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Experiencing los hipopótamos colombianos with level 3

54101194283378668127593My Spanish 3 class just finished a week of non-fiction storytelling about the hippopotamuses that were living in the wild in a region of Colombia. The strange story of how a large African animal invaded an ecosystem thousands of miles away allowed us to take our discussions in several directions:  we spoke about science, of course, drug trafficking, we contrasted the worldview of campesinos versus city dwellers and ended our exploration discussing the role of government in protecting citizens. What an interdisciplinary lesson!

The centerpiece of this unit was an article published by Veinte Mundos. I really like what Veinte Mundos is doing for advanced students, but my students need a lot more structure in order to make sense of the articles on their website. Here is my lesson, with links to their original resources as well as my own.

Day 1: prior knowledge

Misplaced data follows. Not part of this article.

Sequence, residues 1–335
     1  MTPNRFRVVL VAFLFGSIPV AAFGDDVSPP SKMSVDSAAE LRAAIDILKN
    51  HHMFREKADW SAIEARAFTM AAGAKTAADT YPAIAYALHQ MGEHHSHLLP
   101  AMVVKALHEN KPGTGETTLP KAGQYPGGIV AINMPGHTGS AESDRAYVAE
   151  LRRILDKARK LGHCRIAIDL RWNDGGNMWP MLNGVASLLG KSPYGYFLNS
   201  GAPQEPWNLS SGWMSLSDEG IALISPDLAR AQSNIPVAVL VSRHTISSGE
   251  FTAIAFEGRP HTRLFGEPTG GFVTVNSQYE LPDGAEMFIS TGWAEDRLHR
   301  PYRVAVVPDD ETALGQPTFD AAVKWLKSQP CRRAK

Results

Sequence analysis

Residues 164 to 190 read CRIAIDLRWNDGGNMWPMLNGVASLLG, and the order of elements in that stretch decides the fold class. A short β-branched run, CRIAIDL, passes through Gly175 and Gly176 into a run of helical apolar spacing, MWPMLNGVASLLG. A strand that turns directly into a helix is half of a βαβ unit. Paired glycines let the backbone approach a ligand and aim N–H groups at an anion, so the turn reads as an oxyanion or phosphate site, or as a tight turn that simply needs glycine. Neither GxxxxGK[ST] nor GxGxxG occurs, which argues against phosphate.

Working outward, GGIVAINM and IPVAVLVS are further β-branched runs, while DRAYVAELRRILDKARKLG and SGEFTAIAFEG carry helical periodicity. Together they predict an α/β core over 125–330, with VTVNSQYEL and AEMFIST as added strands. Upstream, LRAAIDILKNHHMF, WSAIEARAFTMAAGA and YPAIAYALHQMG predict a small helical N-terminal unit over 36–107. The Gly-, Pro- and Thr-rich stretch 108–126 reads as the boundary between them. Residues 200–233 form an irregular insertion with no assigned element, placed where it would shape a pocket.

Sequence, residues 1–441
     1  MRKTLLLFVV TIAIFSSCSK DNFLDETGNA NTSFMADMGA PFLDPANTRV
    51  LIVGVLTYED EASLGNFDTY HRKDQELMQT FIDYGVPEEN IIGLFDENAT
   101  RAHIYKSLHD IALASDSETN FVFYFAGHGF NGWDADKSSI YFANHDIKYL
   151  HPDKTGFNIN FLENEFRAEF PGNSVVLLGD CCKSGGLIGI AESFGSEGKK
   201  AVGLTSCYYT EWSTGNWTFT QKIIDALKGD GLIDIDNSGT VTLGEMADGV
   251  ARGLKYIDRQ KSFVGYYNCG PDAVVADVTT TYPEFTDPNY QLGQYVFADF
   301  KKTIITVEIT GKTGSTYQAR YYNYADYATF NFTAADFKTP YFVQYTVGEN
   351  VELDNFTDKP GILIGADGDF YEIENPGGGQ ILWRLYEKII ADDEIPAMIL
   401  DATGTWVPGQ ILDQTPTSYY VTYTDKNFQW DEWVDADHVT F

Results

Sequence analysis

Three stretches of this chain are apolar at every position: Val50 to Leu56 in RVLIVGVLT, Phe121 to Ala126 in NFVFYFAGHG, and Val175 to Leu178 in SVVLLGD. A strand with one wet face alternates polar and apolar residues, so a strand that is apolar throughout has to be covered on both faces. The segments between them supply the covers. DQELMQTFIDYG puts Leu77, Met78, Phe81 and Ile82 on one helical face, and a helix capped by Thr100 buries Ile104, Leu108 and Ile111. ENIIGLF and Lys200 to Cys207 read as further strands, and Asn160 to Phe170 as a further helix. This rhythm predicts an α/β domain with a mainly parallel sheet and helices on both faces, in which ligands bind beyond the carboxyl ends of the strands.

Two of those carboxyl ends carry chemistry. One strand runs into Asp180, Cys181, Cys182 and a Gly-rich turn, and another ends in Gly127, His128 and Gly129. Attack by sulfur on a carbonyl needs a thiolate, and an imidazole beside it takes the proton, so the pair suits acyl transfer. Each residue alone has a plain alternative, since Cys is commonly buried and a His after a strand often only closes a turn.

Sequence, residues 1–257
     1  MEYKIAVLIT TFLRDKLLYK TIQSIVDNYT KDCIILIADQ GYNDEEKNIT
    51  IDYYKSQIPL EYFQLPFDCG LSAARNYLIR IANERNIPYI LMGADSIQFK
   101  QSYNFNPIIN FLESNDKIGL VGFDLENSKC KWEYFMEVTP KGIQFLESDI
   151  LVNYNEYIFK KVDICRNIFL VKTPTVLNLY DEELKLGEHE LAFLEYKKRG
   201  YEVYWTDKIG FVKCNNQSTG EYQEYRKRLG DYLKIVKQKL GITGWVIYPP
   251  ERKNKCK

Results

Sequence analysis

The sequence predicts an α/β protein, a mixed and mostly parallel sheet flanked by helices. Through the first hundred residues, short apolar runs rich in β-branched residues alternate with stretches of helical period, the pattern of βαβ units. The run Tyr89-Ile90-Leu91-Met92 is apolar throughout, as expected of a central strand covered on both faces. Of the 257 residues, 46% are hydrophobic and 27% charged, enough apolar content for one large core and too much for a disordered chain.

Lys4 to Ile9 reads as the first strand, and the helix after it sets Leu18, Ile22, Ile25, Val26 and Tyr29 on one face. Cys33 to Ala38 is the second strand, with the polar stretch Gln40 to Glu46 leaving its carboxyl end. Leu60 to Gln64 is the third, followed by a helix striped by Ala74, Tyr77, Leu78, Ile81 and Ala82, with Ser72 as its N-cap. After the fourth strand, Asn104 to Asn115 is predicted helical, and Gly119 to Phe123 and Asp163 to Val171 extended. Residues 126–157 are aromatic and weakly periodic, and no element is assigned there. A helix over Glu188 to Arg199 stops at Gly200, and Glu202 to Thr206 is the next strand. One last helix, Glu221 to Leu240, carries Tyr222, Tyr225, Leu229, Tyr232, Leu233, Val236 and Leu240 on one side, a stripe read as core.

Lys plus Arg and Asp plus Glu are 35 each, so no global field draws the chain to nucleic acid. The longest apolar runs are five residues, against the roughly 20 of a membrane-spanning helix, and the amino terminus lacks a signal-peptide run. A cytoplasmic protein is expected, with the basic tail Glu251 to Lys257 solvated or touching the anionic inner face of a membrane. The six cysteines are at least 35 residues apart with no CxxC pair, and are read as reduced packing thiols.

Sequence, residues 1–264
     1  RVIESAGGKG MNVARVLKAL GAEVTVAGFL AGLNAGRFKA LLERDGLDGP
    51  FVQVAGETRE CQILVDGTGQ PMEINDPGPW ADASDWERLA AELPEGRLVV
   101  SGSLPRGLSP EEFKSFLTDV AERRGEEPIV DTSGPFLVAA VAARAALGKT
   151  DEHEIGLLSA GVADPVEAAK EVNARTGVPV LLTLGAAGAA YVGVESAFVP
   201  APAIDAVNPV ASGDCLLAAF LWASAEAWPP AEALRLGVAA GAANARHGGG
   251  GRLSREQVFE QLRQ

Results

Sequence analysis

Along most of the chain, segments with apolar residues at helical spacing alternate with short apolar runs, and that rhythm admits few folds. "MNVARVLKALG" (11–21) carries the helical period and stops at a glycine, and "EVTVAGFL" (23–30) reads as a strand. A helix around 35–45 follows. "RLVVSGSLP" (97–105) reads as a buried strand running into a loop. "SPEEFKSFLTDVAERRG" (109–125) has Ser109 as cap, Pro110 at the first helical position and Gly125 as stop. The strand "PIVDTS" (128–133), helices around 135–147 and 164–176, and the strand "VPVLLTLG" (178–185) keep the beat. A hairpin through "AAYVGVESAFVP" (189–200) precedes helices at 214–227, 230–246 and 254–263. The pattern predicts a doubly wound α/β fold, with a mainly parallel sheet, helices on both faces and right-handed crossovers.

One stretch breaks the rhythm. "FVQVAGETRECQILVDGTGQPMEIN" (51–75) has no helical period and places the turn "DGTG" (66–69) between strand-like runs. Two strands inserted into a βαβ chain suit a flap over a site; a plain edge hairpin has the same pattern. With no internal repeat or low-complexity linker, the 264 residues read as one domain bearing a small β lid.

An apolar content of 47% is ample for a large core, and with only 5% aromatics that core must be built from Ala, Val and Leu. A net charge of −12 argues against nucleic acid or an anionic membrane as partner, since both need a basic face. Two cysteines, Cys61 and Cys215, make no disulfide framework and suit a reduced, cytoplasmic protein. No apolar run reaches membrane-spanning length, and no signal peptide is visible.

imagesJust like the unit on ballenas that I published last year, I like to start this unit with imagesCAX6QP4Sa brainstorming session in small groups to establish everything that we happen to already know about hippopotamuses. Depending upon the class this might be greeted with a revelation that they already know quite a bit. untitledAfter five minutes in small groups I draw two columns images2on the board, one labelled La ciencia and the other column labelled su representación en la cultura popular. The first column will eventually include things such as son de África and son mamíferos. Several details will flow from that, so be sure you know how to say they give life birth and the mothers nurse their babies with milk. I avoid technical terms like vivíparos in favor of phrases like las crías nacen vivas.  Click here for a website to review characteristics of mammals in Spanish . The second column is a bit tricky but I think it is useful for high school students to recognize that the representation of an object in popular culture is distinct from their reality, so I showed some pictures like those along the side of this post. My purpose is to elicit the reaction that hippos are often portrayed as lovable, fun animals. It may be surprising to some students that hippos are ferocious man-killers!